As I seem to be watching Romantic Comedies with considerably more frequency than normal (not entirely by choice), I’m starting to notice little things that are very dangerous. For instance, the main characters always know how to say exactly the right thing at exactly the right moment to get their lovers back no matter how bad the fight was that made them split in the first place. It gives people who watch these things an unrealistic view of what relationships are supposed to be like. And while I don’t normally watch them often, I’m beginning to think that perhaps my problems in dating stem from some subconscious ideas that have been planted by these dreaded movies.
Romantic Comedies have a formula: Boy meets girl, usually under less than ideal circumstances. They attempt to date. Something breaks them up. There’s usually another man or woman involved. Then one character (or both) decide they can’t live without the other and they get back together. It’s a very old formula, and seems to be spilling over into other movies as more and more film companies try to market movies to both guys and girls. It seems that this blending of genders is happening everywhere. This whole lessening of the Gender Gap thing is confusing life in general, I tell you.
But let’s not dwell on that right now.
This formula for Romantic Comedies has been happening since at least Shaekspeare, if not even before that. I’m thinking a Midsummer’s Night Dream, where there are multiple sets of lovers who fall prey to the formula but none more than these two: Hermia and Lysander.
Hermia’s father won’t let her marry Lysander because he thinks Demetrius (love that name!) is the better option. Helena, Hermia’s best friend, is in love with Demetrius, and it’s even suggested that they had…relations, but he only has eyes for Hermia. So Hermia and Lysander decide to run away, followed, unbeknownst to them, by the other couple. In the woods, some pesky fairies put the men under a spell that was supposed to make Demetrius fall for Helena, but silly ol’ Puck messes up and makes both men fall for her. Shenanigans ensue, and by the end of the night, Puck has set things straight. They all live happily ever after, with both couples getting married along with the royal couple about whom we know very little.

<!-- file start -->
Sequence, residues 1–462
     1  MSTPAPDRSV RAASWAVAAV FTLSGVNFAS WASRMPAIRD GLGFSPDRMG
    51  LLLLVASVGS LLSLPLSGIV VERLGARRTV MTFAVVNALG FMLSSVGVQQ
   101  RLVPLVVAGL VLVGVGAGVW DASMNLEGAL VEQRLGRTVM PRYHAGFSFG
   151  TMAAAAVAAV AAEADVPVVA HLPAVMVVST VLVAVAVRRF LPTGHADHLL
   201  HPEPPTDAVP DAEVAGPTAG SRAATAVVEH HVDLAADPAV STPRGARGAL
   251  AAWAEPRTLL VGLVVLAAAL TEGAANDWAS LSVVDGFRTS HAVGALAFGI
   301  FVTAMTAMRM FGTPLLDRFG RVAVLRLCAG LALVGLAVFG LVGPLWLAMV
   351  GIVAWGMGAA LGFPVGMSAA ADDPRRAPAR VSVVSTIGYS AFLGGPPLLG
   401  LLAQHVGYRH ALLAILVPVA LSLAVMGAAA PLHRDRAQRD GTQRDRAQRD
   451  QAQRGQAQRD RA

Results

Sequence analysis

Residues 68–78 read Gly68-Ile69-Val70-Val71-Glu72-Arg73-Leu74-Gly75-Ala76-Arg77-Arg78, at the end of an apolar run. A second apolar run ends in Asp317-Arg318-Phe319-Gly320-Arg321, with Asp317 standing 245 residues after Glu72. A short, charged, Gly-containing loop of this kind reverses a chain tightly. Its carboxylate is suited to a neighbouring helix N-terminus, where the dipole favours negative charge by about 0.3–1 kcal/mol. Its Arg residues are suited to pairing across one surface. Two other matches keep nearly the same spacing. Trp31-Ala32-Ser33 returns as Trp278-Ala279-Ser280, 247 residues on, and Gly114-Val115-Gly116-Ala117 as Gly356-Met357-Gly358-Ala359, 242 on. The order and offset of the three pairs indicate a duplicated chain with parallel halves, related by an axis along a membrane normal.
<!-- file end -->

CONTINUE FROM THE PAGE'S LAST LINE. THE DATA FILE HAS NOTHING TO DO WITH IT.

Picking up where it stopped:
So the formula: Admittedly, Hermia and Lysander met and began dating before the opening of the play/movie, but, they are separated, another man AND woman (and some fairies) are involved, and by the end they do manage to get back together.
So it’s not a perfect fit, but you get the point…
If we look at a more recent example, they’ve made movies so formulaic that it’s almost impossible NOT to notice. Let’s look at How to Lose a Guy in 10 Days. It’s not super new, so most of you have probably seen it, and it’s one of my favorites… Probably because I am both Kate Hudson’s character, who is writing an article about how to drive a guy away in 10 days, and her friend who is the inspiration for the article because she does all the wrong things. All. The. Time.
Benjamin Barrie (Matthew McConaughey) makes a deal with his boss that he can make any woman fall in love with him in 10 days, while Andie Anderson (Kate Hudson) is tasked with driving a guy away within the same 10 day time limit. They meet, and two women who know both agreements (and want to sabotage the guy) push things along. The two potential lovebirds begin dating, even though their agendas are at odds, and even though she does all the crazy bad things that women do sometimes (love fern, anyone?), he doesn’t go running. Because he can’t.
After a weekend with his family, she finds she actually likes him and doesn’t want to lose him, but then our saboteurs from the beginning let it slip that he’s only dating her for his bet. BAM! They split. There’s a short montage showing their lives apart while she writes her article, professing her love for him. He reads it and they get back together, presumably to live happily ever after.
So what on earth does this have to do with me?
Well, we all know I’m a bit dramatic. My mother’s been accusing me of it since I was a wee thing, and I was a theater major for a while, and I can swing from happy to “I will kill you,” in a very short span given the right stimuli (not often, but it can happen). What I’ve noticed as I look through some of the things I’ve posted here is that, while I still think my fear is well founded (just look at how people have treated me in the past), I tend to assume that if I apologize, then it will all be fixed, RomCom style.